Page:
Choosing Cultural Competence over Diaspora Division

By Fields, Cheryl D. | Black Issues in Higher Education, September 28, 2000 | Go to article overview

Choosing Cultural Competence over Diaspora Division


Fields, Cheryl D., Black Issues in Higher Education


Living in diverse sections of New York and Los Angeles during the 1960s and '70s, I learned early that people of the same race don t always consider themselves "brothers." Some Blacks are Haitian, some Jamaican, and others are from Brooklyn. "I'm Black and I'm proud" might resonate with all, but only one is likely to respond with the affirming expression, "Word." Puerto Ricans and Chicanos are linguistically linked, but if you invite them over for frijoles and serve refried beans, one will be disappointed. Mistake a Chinese kid for Japanese and you might have to fight. This was my world growing up. Failing to recognize and respect intra-racial distinctions, I learned, could lead to trouble.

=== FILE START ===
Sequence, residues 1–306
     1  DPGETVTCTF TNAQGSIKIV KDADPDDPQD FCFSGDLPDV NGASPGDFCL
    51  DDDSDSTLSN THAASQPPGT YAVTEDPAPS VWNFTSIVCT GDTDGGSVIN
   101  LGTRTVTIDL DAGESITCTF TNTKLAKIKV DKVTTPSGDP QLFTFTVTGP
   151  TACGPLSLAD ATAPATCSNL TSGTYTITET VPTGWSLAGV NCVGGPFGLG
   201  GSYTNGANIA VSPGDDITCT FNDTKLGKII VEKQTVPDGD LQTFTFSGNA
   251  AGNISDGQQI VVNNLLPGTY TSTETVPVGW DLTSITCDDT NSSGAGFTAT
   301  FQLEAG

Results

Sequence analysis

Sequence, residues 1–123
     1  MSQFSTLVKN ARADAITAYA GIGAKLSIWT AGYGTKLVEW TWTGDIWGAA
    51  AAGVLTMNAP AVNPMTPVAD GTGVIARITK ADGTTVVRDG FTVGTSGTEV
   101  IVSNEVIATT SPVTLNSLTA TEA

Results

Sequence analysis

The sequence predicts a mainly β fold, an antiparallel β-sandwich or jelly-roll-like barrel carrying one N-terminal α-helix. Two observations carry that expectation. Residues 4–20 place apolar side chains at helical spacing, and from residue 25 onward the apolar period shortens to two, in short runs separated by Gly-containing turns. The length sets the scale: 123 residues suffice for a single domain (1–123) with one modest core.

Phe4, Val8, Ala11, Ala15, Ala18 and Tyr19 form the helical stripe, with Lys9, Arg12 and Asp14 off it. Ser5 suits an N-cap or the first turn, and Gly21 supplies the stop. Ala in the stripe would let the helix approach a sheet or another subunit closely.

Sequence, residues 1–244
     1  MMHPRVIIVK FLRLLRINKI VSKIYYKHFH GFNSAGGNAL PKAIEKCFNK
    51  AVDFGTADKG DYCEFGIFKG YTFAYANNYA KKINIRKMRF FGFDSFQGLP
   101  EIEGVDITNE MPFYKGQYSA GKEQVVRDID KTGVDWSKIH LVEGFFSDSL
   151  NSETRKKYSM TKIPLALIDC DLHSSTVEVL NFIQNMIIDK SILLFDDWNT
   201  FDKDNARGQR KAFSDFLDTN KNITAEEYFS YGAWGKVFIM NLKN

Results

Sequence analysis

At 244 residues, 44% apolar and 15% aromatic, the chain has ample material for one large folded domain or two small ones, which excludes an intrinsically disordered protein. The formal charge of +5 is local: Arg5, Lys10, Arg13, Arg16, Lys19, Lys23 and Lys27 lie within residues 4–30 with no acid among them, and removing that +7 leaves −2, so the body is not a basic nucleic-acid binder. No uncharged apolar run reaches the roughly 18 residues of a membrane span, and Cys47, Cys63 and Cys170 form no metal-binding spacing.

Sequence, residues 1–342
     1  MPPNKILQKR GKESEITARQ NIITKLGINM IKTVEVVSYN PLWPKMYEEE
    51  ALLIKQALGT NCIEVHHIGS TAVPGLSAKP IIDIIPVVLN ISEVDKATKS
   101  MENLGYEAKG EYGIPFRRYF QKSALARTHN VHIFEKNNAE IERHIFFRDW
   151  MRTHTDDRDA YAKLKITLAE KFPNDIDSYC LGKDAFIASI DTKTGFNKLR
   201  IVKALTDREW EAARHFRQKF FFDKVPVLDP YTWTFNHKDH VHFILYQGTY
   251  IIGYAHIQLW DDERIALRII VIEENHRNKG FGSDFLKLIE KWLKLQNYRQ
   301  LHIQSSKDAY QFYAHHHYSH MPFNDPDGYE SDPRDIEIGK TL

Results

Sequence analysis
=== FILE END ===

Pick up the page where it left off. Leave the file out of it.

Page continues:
Race divided by culture equals discord. Diaspora division, as I call it, seemed to be the prevailing formula. For centuries, it has played out: the Greeks warred with the Macedonians much as the Chinese now oppress the Tibetans, and the Hutus fight the Tsutsi. Judging by the events of the past few months, it appears 21st century scholars of color are not completely immune to the divisive dynamics of intra-racial pluralism either.

In our cover story, Black Issues correspondent Pamela Weiger takes a look at Arizona State University, where one former ASU employee says, "ASU is getting to be one big mess for African Americans." She says Black faculty and staff are being forced out and mistreated, and in some cases being replaced by Hispanics. However, others at ASU say there is no Black-Hispanic rift and if Hispanics are outpacing Blacks in the faculty ranks there, it's simply a matter of their representation in the community (see pg. 20.)

Also featured in this Hispanic focus edition, correspondent Roberto Rodriguez provides an update on how scholars in Chicano studies and Latino studies are working through their differences and redefining their place in the academy (see pg. 26). And recently, the press reported on a Nigerian professor who won a lawsuit against historically Black Virginia State University because it was determined that he was discriminated against on the basis of his African origin. …

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